A few months later, two separate teams published papers in the Proceedings of the National Academy of Sciences and Nature describing how they had coaxed mouse ES cells to grow into sperm cells (Science, 12 December 2003, p. 1875). Toshiaki Noce, Yayoi Toyooka, and their colleagues at the Mitsubishi Kagaku Institute of Life Sciences in Tokyo showed that immature germ cells transplanted into the testes of live mice could become full-fledged sperm, although they didn't manage to fertilize any eggs. Meanwhile, Niels Geijsen and George Daley, both now at Harvard Medical School in Boston, Massachusetts, showed that spermlike cells produced in their lab could fertilize eggs and prompt the formation of early embryos. None of the lab-made germ cells managed to produce a pregnancy, much less a live-born mouse.

That next step has proved difficult. Although several labs can consistently get early germ cells to form, only a tiny percentage enter meiosis—the complicated process of germ-cell division that produces a sperm or egg with a single copy of each chromosome instead of the normal complement of two. “It's still a very rare phenomenon,” Daley says.

Nevertheless, a few new ideas are emerging from the studies. For example, Reijo Pera's lab has been focusing on the very first cues that set germ cells aside for separate development. At a June meeting of the International Society for Stem Cell Research, she and her lab described what they call “germ cell particles,” clusters of proteins and RNA that seem to distinguish early germ cells from those destined to become somatic cells.

In insects and fish, germ cells develop from a region of the oocyte called the germ plasm, which is particularly rich in RNA and RNA-binding proteins. Mammals, however, seem to set their germ cells aside slightly later in development—and independent of any specific region in the oocyte. Reijo Pera and her colleagues have found human versions of the germ-plasm proteins and RNAs in the human germ cell particles; now they are trying to determine what triggers their formation. The work should turn up new insights into what the proteins and RNAs do, says Geijsen. Even in model animals, he says, “no one really understands what the germ plasm is and does.”

Geijsen and his lab are also focused on the early stages of germ-cell development. When a sperm and egg come together to form a complete genome, many of the genes inherited from the mother or father are specifically turned on or off. This process, known as imprinting, begins in immature germ cells; Geijsen hopes the chance to make unlimited numbers of such cells will enable him to identify some of the molecules that control it.

New results hint at ways to increase the efficiency of producing early germ cells for such studies. Alan Trounson and Orly Lacham-Kaplan of Monash University in Clayton, Australia, reported last month that they can turn clusters of differentiating ES cells called embryoid bodies (EBs) into what Trounson calls “ovarylike” structures by bathing the EBs in media that has first been exposed to newborn mouse testicular cells. In a paper published online in Stem Cells, the researchers reported that they coaxed more than 80% of their EBs to form the ovarylike structures: clusters of cells surrounding larger cells that express several oocyte proteins. But Trounson says they have not managed to fertilize any of the oocytelike cells. Nor do they understand what, exactly, the conditioned media contains—much less how it might be influencing the growing cells.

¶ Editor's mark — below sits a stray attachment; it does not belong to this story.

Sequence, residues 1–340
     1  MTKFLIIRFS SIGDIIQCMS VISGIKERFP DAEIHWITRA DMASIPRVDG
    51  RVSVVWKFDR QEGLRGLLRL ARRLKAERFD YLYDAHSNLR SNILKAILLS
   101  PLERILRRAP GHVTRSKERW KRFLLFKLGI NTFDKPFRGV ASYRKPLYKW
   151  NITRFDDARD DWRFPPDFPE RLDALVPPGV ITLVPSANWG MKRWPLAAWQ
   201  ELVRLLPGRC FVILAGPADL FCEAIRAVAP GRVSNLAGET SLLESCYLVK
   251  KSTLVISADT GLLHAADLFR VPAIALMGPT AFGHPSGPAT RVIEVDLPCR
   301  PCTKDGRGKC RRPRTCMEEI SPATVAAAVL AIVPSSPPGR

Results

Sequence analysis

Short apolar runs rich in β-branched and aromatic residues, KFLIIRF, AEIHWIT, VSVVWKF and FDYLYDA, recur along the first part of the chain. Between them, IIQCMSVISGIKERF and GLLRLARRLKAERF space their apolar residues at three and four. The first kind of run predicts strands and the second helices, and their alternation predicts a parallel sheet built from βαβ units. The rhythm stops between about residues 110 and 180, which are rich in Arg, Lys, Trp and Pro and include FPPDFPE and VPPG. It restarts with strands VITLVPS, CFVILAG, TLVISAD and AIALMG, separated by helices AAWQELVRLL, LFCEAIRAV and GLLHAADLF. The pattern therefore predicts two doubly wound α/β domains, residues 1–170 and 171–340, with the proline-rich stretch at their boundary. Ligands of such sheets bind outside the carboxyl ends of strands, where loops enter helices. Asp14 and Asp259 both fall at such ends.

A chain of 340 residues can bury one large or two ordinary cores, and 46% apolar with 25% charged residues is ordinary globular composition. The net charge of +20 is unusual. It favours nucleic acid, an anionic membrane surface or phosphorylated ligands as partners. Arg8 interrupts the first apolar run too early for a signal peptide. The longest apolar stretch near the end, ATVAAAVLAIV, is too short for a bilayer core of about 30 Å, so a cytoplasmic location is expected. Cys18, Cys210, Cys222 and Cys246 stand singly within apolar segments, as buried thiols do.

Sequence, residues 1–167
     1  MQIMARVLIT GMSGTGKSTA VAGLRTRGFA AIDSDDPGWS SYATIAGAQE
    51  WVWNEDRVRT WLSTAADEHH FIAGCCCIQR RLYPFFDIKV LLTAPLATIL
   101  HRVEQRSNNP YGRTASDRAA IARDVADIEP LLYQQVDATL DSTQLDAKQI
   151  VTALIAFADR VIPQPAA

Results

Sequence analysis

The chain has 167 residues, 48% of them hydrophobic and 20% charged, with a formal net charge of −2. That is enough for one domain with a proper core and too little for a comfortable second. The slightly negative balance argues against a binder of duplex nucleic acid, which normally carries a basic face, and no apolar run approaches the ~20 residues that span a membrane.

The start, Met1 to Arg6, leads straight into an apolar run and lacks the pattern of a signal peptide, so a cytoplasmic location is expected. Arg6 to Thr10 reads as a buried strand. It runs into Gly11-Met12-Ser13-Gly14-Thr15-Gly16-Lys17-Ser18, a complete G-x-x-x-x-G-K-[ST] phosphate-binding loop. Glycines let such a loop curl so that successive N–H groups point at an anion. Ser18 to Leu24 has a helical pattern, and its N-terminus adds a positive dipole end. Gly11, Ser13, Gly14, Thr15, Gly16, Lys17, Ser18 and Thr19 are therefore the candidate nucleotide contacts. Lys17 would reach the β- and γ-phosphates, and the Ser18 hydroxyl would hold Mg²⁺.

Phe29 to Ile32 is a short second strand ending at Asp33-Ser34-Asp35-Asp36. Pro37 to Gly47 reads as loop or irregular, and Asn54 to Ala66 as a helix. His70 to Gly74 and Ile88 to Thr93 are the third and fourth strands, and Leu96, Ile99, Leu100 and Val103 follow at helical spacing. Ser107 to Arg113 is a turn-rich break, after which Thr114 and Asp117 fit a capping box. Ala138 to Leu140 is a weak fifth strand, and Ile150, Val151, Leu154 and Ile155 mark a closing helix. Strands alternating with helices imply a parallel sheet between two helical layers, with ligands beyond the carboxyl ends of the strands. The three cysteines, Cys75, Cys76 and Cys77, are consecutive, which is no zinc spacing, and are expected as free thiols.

That result could shed light on another mystery: how the gender of germ cells is determined. Why the proteins produced by testicular cells could produce ovarylike structures is not yet clear, Trounson says, but several studies have suggested evidence for germ-cell gender-bending. Schöler and others have found that male ES cells—carrying one X and one Y chromosome—can become oocytes, and Reijo Pera notes that doctors occasionally find so-called testicular eggs in male patients. Female ES cells can't make sperm, however. “The Y chromosome is fundamentally required” for sperm maturation, says Reijo Pera.

Another fundamental requirement for full germ-cell development, apparently, is the so-called niche, the cells and signals that surround the maturing germ cells in the testes and ovaries during development. Studies in fruit flies have shown that developing oocytes interact closely with nurse cells that help guide their movement and maturation. Similar interactions are probably key in mammals as well and may explain why so few of the lab-grown germ cells make it past the earliest stages of development. “Meiosis will not work if you don't have the right cell-cell communication,” Schöler says. But he is optimistic that the cell clusters that he and others see in their lab dishes will reveal those signals. “We have the right material” to find the answers, he says—and to move another step toward understanding the germ cell's immortality.

12. STEM CELLS

# Another Route to Oocytes?

1. Jennifer Couzin